The Best Core Workout Routines

The stability ball engages both your abdominal stabilizers and mobilizers.

The stability ball engages both your abdominal stabilizers and mobilizers.

Despite its often inappropriate use, the word "core" sells exercise gizmos and workouts. Core, in its true meaning, refers to your deepest layer of abdominal muscles, but many people use it to describe the entire ab region. Finding the best core routine therefore depends on what you define as your core, but whatever your definition, when choosing your workouts, steer clear of glossy informercials and adhere to the wisdom of respected fitness industry professionals.

The Inner and Outer Units

Fitness industry guru Paul Chek coined the term "inner unit" to describe the deeper layer of abdominal muscles, which includes the transversus abdominis, the multifidus and the pelvic floor. These muscles claim spinal stability as their primary function. The rectus abdominis and the internal and external obliques form the primary muscles of the outer abdominal unit, which flexes and rotates the spine. In an effective core routine, the inner and outer units work together. The use of specific breathing methods in Pilates exercises exemplifies this concept. When you exhale, your transversus abdominis muscle presses against your diaphragm to expel the air. Exhaling during an abdominal crunch thus creates a deeper ab contraction. Put Pilates on your list of best core workouts.

ACE With a Side of Mayo

Both the American Council on Exercise (ACE) and the Mayo Clinic feature a series of core exercises that include stabilizing and mobilizing movements. These exercises suit beginners, or anyone wishing to get acquainted with her deep core muscles. The ACE website features exercises such as the cat and camel and the supine pelvic tilt, which teach you how to use your core in conjunction with spinal movement, and exercises such as the bird dog, which teach you how to use your core to maintain balance. The Mayo Clinic website has some abdominal exercises that don't require you to lift your head from the floor, thereby eliminating the stiff neck associated with traditional crunches.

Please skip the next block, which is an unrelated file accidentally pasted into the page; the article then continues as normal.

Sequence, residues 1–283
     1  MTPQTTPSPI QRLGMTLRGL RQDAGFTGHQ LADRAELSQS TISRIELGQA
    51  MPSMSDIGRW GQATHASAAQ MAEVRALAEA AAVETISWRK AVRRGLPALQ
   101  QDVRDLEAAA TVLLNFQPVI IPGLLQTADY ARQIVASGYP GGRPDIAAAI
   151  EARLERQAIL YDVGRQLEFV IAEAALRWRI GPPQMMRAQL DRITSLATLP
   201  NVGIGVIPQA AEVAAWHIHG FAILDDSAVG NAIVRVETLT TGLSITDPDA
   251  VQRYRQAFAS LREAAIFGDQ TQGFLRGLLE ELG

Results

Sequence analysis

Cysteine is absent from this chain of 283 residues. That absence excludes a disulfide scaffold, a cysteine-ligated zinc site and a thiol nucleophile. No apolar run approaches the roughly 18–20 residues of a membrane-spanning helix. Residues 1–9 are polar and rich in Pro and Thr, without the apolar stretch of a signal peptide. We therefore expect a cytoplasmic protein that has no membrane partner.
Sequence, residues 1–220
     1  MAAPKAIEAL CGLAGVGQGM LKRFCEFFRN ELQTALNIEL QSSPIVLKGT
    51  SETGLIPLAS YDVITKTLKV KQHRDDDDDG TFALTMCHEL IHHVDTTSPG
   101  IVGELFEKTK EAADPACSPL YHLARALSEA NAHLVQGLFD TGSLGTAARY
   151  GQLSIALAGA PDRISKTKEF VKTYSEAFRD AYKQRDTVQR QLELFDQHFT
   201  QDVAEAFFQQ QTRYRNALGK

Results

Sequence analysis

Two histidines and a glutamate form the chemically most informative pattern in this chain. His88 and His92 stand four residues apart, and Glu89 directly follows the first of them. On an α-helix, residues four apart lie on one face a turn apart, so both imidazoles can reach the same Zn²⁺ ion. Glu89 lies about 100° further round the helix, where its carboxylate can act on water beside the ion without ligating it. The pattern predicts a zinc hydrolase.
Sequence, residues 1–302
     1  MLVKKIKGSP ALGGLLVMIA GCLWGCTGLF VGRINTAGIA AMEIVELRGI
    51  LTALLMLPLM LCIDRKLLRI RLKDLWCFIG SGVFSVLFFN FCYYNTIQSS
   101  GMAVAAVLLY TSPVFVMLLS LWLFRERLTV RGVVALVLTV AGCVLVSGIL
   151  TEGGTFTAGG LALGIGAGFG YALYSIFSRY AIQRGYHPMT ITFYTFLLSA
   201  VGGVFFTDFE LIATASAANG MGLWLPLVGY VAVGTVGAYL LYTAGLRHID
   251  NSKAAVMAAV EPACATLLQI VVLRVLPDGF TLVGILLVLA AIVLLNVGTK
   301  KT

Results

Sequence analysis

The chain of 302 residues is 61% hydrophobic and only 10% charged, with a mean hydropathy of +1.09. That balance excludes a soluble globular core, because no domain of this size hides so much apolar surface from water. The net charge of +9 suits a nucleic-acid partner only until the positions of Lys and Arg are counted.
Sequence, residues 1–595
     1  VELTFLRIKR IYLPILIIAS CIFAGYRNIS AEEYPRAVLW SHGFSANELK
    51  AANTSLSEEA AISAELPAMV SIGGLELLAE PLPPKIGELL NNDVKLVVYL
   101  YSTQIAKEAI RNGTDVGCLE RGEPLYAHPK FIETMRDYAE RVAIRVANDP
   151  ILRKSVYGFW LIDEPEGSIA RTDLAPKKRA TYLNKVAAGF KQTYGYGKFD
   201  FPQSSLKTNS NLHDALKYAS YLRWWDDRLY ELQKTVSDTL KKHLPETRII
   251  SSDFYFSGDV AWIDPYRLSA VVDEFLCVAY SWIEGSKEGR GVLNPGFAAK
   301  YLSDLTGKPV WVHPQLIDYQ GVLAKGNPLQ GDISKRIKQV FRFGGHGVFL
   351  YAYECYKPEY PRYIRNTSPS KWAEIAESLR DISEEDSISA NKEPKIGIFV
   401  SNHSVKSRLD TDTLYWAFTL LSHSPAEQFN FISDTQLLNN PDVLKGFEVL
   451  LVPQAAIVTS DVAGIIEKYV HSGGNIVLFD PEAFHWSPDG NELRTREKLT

The Professor's Core Workout

Dr. Michele Olson, professor of exercise science at Auburn University in Alabama, tested a series of core exercises and came up with five that she considers best for women. She chose two Pilates exercises -- the hundred and the double leg stretch -- for their ability to engage the lower fibers of the abdominal region and the obliques. The yoga, which requires you to balance on your tail bone, was chosen for similar reasons. Olson also likes the side plank, because it requires the deep core muscles to prevent the spine from rounding. The stability ball roll-out, performed from a kneeling position, also demands that you use your deep abdominal muscles in order to maintain posture.

Walking the Plank

If an ab exercise is too easy, adding more repetitions is like staying in first grade forever, warns ACE trainer Jonathan Ross, author of "Abs Revealed." Instead, move to the next level. True to his word, Ross created an innovative, advanced core series that includes your inner unit stabilizers and outer unit mobilizers. The first exercise begins in the plank position, and progresses to walking planks in different directions. Next, Ross assumes a plank position with his upper body on the ball, and performs a series of lateral and rotational torso movements. Golfers, tennis players and anyone involved in rotational sports should get on this workout right now. In addition to his plank variations, Ross features some killer stability ball crunch and medicine ball variations. By changing the arm position in these exercises, you lengthen the levers and add more challenge to the workout.

 

About the Author

In 1999, Lisa Mercer’s fitness, travel and skiing expertise inspired a writing career. Her books include "Open Your Heart with Winter Fitness" and "101 Women's Fitness Tips." Her articles have appeared in "Aspen Magazine," "HerSports," "32 Degrees," "Pregnancy Magazine" and "Wired." Mercer has a Bachelor of Arts in psychology from the City College of New York.

Photo Credits

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